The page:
Citing "grave concern" for the pending "crisis," more than three dozen prominent legal community members today asked Attorney General Loretta E. Lynch to launch a formal investigation into "compelling evidence of pervasive police and prosecutorial misconduct" in Orange County.
"We write to urge the Department of Justice to initiate an investigation into the actions of the Orange County Sheriff's Department (OCSD) and the District Attorney's Office (OCDA) in connection with the use of jailhouse informants and the concealment of informant-related evidence," wrote signatories Erwin Chemerinksy, dean of the UC Irvine School of Law; and former California Attorney General and Los Angeles District Attorney John Van de Kamp.
Others joining in the sentiment of the communication include Harvard legal theorist Charles Ogletree, criminal justice professor Angela Davis, former Los Angeles District Attorney Gil Garcetti, former Chief Assistant United States Attorney Richard Drooyan and Alex Whiting, a Harvard professor and former prosecutor of international crimes at the Hague as well as the American Civil Liberties Union and the Constitution Project.
The 16-page letter uses court records, judicial rulings and news reporting--including exclusive articles published by OC Weekly--to argue that a previously chosen reform group handed picked by District Attorney Tony Rackauckas can't be trusted given the DA's continual controversial insistence that there is no evidence of any wrongdoing by law enforcement officials.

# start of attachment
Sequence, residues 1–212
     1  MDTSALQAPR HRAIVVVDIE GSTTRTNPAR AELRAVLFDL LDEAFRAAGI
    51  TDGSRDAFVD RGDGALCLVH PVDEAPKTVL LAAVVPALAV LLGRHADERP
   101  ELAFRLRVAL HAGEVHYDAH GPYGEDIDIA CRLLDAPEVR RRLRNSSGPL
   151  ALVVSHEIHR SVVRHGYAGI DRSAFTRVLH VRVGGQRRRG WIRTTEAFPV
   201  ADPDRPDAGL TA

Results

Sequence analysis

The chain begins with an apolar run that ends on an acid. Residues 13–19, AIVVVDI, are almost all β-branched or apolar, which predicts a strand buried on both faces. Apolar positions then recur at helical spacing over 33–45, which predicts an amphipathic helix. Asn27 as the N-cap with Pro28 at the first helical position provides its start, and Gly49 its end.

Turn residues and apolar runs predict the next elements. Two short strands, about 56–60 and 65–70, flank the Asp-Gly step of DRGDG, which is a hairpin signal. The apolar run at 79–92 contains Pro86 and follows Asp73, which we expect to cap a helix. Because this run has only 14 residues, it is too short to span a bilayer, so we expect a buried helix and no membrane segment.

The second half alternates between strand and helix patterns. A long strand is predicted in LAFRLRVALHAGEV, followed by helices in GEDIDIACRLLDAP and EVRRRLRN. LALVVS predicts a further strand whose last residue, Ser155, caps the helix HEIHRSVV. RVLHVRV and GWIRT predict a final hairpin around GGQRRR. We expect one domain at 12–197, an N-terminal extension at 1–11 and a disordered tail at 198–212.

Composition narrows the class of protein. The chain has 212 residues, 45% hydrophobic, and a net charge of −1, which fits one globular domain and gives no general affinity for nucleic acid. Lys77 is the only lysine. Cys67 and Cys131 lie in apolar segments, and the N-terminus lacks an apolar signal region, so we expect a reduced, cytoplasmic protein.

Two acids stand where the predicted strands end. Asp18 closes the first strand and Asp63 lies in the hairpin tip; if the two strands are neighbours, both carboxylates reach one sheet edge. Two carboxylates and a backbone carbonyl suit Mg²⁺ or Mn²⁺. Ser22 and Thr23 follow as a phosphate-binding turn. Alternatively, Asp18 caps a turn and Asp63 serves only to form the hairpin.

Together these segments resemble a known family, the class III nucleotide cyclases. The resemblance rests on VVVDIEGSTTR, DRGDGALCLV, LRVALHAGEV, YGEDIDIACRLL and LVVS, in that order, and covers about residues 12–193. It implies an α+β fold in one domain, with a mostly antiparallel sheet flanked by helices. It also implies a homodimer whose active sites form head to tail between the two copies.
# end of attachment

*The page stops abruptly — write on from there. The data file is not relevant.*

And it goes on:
(The DA hails his group "independent" but wrote into their contracts a condition that he must approve all statements made to reporters.)
Today's truly non-compromised group told Lynch: "Orange County requires a thorough investigation by an independent entity, one with the authority to investigate long-concealed evidence in the custody of the OCSD and OCDA. The unwillingness of [those government agencies] to acknowledge the due process implications of the alleged misconduct has become only more entrenched as attention to the situation has grown. Nearly two years have passed since many of these issues were first brought to the attention of OCDA and OCSD, allowing them ample time to demonstrate their ability to bring themselves into conformity with core constitutional principles."
They also declared their goal is to "restore public confidence in the criminal justice system in Orange County."
Assistant Public Defender Scott Sanders uncovered the scandal while representing two death penalty clients.
Not surprisingly, Susan Kang Schroeder, chief of staff at OCDA, dismissed the letter to Lynch as a defense lawyer conspiracy while also attacking media coverage of the scandal because news articles haven't mimicked her agency's spin that unethical prosecution team moves--100 percent of them harming defendants in more than three dozen cases--were accidental mistakes.
Read the entire letter HERE:
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